Cyanide Loses its Bite

The closest you are likely ever going to get to cyanide poisoning.

Living a political life in ancient Greek was a dangerous living, even more dangerous than vying for a spot in Congress in America today. Sure, your life is scrutinized, people making things up, the media is exaggerating or making things up to get in your way, and you can’t have any fun lest you be chastised for being human. But back then, politics often took a deadly turn.

Take Nero Claudius Caesar Augustus Germanicus, for example. (Wow did they know how to produce names beck then.) Ascending to the throne at the tender age of 17, Nero was caught in the middle of power plays being made on all sides.

Good thing he had a trick up his sleeve.

It was said that Nero would use chemistry to collect the essence of a plant to poison members of his family and enemies. Sounds like they were one in the same, to me. The toxin would quickly affect the target’s brain and or heart, causing convulsions, seizures, heart attacks and death, even in a matter of minutes.

It’s a good thing for Nero that he lived back when he did, because if he tried that trick in today’s world, the point he was using – cyanide – could be quickly treated. And now, thanks to work done by the University of Minnesota, it’s even less than a threat than ever.

Co-inventors Herbert Nagasawa and Steve Patterson of the University of Minnesota’s Center for Drug Design were inspired after seeing troops in the first Gulf War donning gas masks in defense of Saddam Hussein’s chemical warfare agents. Decades later – science takes a long time – the duo have produced Sulfanegen, a faster-acting antidote than previously available.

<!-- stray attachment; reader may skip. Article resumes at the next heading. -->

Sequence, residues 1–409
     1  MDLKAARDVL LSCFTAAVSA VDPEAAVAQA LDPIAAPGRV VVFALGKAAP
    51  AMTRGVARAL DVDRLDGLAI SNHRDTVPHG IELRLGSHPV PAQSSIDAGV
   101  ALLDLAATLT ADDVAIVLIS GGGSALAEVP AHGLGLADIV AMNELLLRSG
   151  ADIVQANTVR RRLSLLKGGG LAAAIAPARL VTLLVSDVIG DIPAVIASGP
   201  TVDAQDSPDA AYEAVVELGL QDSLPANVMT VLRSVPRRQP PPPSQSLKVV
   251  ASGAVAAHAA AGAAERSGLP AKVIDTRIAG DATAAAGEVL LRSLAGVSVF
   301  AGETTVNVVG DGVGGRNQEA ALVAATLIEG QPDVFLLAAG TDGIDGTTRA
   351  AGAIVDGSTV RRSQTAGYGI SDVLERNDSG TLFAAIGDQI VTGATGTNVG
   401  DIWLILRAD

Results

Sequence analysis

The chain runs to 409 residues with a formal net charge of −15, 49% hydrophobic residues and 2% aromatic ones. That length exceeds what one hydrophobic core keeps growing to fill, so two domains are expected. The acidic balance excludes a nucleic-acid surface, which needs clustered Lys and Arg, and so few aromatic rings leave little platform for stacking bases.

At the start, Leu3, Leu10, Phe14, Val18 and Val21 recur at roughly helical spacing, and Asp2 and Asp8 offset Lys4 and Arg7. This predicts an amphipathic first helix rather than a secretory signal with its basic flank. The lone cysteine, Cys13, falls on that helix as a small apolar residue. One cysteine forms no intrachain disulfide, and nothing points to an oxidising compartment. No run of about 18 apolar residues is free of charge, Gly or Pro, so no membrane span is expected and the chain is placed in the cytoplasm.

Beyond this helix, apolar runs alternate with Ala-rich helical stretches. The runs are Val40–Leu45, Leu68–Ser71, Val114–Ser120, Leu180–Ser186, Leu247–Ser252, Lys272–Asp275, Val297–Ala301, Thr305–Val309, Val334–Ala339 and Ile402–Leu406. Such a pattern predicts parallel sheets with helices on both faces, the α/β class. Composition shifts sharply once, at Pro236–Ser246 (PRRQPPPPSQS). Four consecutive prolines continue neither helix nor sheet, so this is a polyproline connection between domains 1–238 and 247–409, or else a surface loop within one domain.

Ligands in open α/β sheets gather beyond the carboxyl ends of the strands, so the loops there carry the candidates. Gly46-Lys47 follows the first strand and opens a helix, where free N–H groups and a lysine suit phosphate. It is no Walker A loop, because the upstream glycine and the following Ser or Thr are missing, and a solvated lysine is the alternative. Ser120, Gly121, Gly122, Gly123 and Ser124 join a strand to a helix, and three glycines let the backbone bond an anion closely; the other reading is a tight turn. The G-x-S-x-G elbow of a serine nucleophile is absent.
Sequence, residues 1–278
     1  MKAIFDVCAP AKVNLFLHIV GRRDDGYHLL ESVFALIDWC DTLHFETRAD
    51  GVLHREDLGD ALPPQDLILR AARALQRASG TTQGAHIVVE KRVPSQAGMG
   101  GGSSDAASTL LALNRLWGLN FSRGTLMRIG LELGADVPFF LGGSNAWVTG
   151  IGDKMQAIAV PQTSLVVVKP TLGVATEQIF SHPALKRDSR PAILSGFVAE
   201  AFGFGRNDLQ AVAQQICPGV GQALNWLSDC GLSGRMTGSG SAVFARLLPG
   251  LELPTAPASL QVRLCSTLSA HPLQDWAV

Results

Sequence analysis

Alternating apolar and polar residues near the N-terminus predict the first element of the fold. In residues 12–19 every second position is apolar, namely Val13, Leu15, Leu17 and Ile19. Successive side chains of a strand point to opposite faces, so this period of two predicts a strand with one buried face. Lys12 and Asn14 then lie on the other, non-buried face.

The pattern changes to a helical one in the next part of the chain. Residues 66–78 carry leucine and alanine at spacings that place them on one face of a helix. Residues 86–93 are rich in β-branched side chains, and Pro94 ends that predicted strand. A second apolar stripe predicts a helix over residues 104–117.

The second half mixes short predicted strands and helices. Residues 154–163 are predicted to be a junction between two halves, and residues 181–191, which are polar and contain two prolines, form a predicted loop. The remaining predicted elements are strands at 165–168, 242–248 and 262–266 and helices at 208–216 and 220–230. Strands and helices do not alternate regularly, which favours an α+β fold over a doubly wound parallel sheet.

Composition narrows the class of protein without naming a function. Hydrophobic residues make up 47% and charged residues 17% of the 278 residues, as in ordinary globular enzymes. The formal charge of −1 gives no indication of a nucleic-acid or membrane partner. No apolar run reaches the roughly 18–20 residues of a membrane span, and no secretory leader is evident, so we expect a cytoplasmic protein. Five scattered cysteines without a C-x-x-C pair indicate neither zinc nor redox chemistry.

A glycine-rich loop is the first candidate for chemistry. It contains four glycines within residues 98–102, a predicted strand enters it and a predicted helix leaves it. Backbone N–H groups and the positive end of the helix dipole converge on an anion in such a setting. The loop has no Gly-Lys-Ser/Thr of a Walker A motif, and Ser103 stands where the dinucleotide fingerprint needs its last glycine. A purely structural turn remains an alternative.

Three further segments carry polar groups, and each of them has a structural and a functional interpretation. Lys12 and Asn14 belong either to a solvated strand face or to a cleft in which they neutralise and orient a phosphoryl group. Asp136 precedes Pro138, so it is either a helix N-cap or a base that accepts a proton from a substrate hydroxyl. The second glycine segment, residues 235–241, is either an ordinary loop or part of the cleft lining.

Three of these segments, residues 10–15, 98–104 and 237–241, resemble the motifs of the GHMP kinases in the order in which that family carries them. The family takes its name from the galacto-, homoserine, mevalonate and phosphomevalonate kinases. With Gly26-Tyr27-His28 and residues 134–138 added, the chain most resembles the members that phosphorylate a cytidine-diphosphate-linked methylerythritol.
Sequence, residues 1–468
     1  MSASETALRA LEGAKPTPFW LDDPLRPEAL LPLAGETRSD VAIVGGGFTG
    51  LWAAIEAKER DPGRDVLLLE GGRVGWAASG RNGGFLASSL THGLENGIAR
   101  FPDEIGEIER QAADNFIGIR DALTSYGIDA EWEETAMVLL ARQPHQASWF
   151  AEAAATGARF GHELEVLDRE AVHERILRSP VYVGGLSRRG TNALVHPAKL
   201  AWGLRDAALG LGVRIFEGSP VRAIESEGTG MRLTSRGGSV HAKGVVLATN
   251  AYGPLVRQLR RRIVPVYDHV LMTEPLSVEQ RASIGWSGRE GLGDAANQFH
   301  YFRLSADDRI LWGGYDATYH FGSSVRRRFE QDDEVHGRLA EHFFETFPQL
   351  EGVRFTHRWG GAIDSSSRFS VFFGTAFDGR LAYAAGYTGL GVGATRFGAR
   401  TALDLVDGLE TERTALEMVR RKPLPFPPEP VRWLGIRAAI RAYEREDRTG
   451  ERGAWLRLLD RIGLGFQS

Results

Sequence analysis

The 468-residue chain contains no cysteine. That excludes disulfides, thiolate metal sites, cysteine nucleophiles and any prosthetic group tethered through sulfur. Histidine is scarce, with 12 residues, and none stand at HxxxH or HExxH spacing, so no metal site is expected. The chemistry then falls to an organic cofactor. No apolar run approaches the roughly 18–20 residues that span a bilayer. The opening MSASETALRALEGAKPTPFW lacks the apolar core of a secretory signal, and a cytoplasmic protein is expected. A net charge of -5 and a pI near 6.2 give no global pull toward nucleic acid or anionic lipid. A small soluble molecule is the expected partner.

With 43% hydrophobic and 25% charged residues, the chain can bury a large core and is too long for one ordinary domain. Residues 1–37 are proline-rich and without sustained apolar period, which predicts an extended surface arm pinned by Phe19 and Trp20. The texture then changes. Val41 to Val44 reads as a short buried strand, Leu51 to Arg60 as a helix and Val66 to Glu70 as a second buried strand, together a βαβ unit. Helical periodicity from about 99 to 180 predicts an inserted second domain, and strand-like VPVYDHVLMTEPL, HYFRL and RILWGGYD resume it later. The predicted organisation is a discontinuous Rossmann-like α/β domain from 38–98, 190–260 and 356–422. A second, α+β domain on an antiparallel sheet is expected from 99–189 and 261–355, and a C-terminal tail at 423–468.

Cyanide works by basically starving the cardiovascular and neural systems of oxygen. When present in the body in excess, it binds to the iron within a protein located in the membrane of mitochondria, the power factories of the cell. Once there, it prevents the exchange of electrons, thus stopping the cells from using oxygen to produce energy. And no energy equals no life.

Current antidotes have to be administered into a vein, which can be difficult when someone is thrashing about. But Sulfanegen can be injected straight into a muscle, which even Stevie Wonder could do while in withdrawal from heroin.

On a boat.

The discovery of the drug was pretty straight forward. To clear cyanide, an antidote must bind to the molecule and produce something harmless that can be swept away by natural processes. The team synthesized compounds likely to work over and over again until they found the best one.

No word yet on whether or not Q has gotten hold of some samples for 007.


About bigkingken

A science writer dedicated to proving that the Big Ten - or the Committee on Institutional Cooperation, if you will - is more than athletics.
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